As indicated above, “components” are gathered in groups called “sub-issues”. The grade for a sub-issue simply results from the average of the grades for its components. Similarly, the grade for an issue such as crisis management or Relations with China simply results from the average of the grades for its subissues. This, of course, raises the question of the proper weight to grant to each component within a sub-issue, and to each sub-issue within an issue. For example, should the grade for China depend equally on the three sub-issues (Trade liberalisation and overall relationship; Human rights and governance; Cooperation with China on regional and global issues), or should one of them be granted more weight? Rather than engaging in a delicate exercise of weighting (for example, by giving co-efficients of importance to various components), we decided to build into the list a rough equality among components within a sub-issue and among sub-issues within an “issue”. It could be argued that some components and sub-issues have not been given their proper weight. However, such a judgment would be no less political than the grade given to that component.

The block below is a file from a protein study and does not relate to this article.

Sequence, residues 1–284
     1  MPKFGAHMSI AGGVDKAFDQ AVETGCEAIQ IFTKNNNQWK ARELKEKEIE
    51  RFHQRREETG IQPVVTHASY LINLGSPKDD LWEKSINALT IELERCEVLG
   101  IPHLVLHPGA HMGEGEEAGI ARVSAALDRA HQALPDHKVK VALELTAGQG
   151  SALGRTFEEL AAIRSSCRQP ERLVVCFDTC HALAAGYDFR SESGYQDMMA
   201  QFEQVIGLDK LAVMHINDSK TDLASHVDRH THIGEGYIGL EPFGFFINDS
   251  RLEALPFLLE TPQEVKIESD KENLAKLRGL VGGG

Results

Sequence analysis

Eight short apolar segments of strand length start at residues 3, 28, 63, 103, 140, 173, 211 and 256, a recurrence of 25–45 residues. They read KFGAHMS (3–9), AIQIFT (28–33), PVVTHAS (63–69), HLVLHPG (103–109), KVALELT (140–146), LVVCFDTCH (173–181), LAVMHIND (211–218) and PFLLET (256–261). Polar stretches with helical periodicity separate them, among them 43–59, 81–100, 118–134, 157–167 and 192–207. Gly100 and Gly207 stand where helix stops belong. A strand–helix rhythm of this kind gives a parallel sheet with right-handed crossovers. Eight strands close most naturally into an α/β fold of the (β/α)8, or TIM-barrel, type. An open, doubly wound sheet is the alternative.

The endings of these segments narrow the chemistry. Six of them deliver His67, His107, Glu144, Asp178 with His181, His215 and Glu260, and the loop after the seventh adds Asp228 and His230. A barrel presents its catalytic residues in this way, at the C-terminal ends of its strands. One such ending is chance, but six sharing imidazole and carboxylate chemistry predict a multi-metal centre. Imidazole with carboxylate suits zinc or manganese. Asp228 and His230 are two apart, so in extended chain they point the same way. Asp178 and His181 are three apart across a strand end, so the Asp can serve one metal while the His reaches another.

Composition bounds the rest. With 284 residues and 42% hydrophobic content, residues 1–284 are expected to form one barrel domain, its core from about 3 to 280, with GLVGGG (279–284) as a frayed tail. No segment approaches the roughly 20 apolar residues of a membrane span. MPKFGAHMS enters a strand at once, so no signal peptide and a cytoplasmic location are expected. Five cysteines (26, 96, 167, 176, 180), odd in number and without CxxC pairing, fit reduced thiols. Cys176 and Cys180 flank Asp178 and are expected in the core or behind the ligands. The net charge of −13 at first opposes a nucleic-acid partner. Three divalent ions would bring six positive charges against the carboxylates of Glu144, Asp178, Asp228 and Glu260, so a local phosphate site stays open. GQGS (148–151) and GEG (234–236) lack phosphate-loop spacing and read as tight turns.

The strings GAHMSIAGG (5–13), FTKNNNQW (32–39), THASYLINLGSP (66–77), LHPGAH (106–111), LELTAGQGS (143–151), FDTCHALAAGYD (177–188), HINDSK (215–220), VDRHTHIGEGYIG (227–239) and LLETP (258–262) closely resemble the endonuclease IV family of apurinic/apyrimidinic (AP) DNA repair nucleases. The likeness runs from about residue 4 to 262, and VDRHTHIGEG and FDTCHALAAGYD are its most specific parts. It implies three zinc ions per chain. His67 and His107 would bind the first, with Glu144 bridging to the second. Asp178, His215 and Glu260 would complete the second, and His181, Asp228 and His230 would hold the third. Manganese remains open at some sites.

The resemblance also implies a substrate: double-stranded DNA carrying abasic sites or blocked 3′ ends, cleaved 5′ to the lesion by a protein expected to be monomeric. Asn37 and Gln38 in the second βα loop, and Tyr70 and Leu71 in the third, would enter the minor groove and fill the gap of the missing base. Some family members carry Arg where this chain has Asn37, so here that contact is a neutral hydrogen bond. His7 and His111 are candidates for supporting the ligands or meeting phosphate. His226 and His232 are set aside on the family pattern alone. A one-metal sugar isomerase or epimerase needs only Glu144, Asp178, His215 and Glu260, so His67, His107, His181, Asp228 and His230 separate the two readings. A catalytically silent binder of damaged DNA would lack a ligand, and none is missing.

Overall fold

In the 2012 edition of the Scorecard, we attempted to explore role played by individual member states in European foreign policy as well as evaluating European performance as a whole. However, we chose to add this second dimension of assessment in only in a small number of components because in many cases – particularly those where member states have empowered the EU institutions to negotiate or otherwise act on their behalf – it would make little sense to compare and contrast the roles they played. In 2011 we therefore categorised member states on 30 of the 80 components of European foreign policy where they played a particularly significant positive or negative role.